Angry opposition to government redress: When the structurally advantaged perceive themselves as relatively deprived

Leach, Colin W., Iyer, Aarti and Pedersen, Anne (2007) Angry opposition to government redress: When the structurally advantaged perceive themselves as relatively deprived. British Journal of Social Psychology, 46 (1). pp. 191-204. ISSN 0144-6665

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Abstract

We examined (structurally advantaged) non-Aborigines' willingness for political action against government redress to (structurally disadvantaged) Aborigines in Australia. We found non-Aborigines opposed to government redress to be high in symbolic racism and to perceive their ingroup as deprived relative to Aborigines. However, only perceived relative deprivation was associated with feelings of group-based anger. In addition, consistent with relative deprivation and emotion theory, it was group-based anger that fully mediated a willingness for political action against government redress. Thus, the specific group-based emotion of anger explained why symbolic racism and relative deprivation promoted a willingness for political action against government redress to a structurally disadvantaged out-group. Theoretical and political implications are discussed.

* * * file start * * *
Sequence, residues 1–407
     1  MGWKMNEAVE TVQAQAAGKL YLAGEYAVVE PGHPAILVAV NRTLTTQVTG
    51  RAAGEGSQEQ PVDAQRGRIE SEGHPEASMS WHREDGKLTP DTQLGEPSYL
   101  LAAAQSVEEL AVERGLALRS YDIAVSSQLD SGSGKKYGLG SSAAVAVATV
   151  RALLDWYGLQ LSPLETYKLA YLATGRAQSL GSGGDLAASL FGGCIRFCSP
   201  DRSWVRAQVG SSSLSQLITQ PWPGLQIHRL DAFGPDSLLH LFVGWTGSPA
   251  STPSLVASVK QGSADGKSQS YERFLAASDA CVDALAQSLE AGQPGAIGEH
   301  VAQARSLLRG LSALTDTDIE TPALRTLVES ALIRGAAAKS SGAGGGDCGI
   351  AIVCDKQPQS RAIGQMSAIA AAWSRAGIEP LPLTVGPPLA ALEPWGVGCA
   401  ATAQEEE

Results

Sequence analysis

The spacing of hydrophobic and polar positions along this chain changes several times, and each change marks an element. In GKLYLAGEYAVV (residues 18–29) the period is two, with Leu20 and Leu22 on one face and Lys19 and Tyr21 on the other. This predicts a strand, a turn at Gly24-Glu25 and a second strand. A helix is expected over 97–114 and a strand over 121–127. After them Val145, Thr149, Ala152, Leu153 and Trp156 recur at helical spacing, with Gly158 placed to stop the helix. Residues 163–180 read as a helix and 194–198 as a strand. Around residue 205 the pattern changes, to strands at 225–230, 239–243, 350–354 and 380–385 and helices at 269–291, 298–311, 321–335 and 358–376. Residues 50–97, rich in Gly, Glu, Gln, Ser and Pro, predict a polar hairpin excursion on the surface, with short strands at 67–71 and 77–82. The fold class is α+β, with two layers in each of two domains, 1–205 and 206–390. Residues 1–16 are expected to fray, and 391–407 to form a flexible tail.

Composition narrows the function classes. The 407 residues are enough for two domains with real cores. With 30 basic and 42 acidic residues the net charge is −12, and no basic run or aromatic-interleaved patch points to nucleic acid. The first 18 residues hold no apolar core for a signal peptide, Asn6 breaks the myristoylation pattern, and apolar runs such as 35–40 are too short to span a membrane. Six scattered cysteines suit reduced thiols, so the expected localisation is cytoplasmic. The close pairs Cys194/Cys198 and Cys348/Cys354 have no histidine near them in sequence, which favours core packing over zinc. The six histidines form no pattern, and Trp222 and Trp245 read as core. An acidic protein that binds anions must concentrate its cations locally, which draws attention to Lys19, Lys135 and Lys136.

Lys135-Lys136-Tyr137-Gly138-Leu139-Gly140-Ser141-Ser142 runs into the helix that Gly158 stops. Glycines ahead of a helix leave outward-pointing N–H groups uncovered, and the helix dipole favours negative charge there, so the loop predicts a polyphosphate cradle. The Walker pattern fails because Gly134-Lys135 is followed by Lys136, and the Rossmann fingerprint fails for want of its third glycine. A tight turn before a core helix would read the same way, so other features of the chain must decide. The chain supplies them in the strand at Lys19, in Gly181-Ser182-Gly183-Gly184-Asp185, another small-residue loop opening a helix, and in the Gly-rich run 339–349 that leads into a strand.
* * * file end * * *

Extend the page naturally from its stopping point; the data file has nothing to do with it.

Item Type: Article
Additional Information: Publisher's version available at official URL.
Keywords: relative deprivation, anger, symbolic racism, modern racism, group-based emotion
Schools and Departments: School of Psychology > Psychology
Subjects: Q Science > QZ Psychology
Depositing User: Chris Keene
Date Deposited: 10 Oct 2007
Last Modified: 06 Mar 2017 15:54
URI: http://sro.sussex.ac.uk/id/eprint/1566
Google Scholar:46 Citations

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